The second piece is the importance of dynamic correspondence. This is a fancy term for movements that have a high transfer to the specific sport. With any type of programming no matter the training level or sport, there should always be a progression from general to specific movements. Now remember the actual movements, whether general or specific will differ between athletes, but the end result stays the same. To keep it simple and to the point I will use the sport of hockey as an example. An athlete playing for a local U14 team would start off by doing a bodyweight lateral squat and throughout the off-season progress to more of a reactive lateral bound. It must be noted that throughout the year I will have my athlete perform some type of jump and throw variation. The two things that change are the amount (volume) and type of jumps and throws (low vs. high skill level). Now with an athlete playing in Hockey East, I could have that athlete start with a Weighted Lateral Squat and throughout the off-season progress to a ISO Split Squat Reactive Lateral Bound (Got this from Kevin Neeld). There are also many variables that take part with exercise selection, training methods, etc… but for this post understand that the goal of any quality program is to use movements that will have a high transfer to whatever sport you play.
The third component is to address any of the athlete’s limitations and weaknesses. In my situation, the hockey season is very long and demanding. Therefore I have a quick assessment to address any structural and soft tissue problems that might have been developed by the volume of skating and contacts. This will determine the do’s and don'ts when it comes time for exercise selection. I will also include some mobility and stability movements as fillers in between the warm-up sets of there primary exercises. This is athlete specific and once the athlete has no pain and is moving properly, I will decrease the volume and the importance of the filler as we progress through the program. Another way to attack these limitations is prior to every training session my athletes go through a specific warm-up that will continually address all of the problematic issues that are common for that sport. This would be a great time to note how I didn’t use the word “corrective exercise”. I know there are many different schools of thought from the “functional” to the “power-lifter” type coaches. Please remember everything we do from mobility, stability, power, strength, and/or energy system development is a form of corrective exercise. Being a strength coach, my primary responsibility is to keep my athlete’s healthy as I help them with their goals on the ice.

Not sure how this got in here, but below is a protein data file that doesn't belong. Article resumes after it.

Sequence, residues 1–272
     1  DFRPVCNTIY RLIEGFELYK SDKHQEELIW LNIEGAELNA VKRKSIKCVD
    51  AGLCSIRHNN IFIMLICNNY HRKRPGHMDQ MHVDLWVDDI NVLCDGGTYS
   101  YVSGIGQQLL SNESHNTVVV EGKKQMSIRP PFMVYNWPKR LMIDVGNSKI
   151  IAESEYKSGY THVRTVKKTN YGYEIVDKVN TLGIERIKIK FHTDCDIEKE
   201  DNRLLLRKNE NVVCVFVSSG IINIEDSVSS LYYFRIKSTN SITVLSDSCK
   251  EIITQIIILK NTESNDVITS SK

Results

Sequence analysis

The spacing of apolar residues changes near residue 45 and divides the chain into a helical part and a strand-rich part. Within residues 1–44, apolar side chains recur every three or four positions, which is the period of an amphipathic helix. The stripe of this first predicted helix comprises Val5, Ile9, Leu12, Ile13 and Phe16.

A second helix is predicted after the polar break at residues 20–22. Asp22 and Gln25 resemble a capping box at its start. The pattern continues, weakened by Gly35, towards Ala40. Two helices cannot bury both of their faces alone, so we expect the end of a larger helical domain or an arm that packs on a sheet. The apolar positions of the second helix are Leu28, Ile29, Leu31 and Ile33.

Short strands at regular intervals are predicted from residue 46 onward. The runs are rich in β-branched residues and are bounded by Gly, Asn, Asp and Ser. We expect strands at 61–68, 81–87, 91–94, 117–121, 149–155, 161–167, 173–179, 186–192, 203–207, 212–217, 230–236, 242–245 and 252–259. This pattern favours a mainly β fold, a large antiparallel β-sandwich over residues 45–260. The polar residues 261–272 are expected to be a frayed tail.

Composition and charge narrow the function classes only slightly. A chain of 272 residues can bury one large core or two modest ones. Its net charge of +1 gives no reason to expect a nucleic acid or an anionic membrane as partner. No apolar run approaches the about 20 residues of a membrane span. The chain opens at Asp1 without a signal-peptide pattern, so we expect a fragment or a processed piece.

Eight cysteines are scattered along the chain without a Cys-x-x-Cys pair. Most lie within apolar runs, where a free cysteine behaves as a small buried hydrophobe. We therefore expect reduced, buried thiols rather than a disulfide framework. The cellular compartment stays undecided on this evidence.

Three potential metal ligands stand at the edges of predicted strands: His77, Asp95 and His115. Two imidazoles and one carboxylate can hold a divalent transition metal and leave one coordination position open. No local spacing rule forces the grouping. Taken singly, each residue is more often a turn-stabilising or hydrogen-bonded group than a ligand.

As for attacking an athlete’s weakness whether its strength, power, speed, work-capacity, and/or body composition. The majority (especially with the athletes I coach) will need to improve basic strength capabilities. There should always be an emphasis on developing strength. Remember everything is built upon strength, a stronger athlete will be more explosive, faster, and more likely to stay injury free. Please note I do understand there are many strength qualities and depending on the training level and time year will dictate which quality you will focus on. But at this time the take away message is that with a quality program an athlete’s weakness should be transformed into one of their strengths.
These 3 components are critical in developing a quality training program that will generate results. There are many other variables that I did not cover, but start thinking about these 3 and your setting yourself up for success.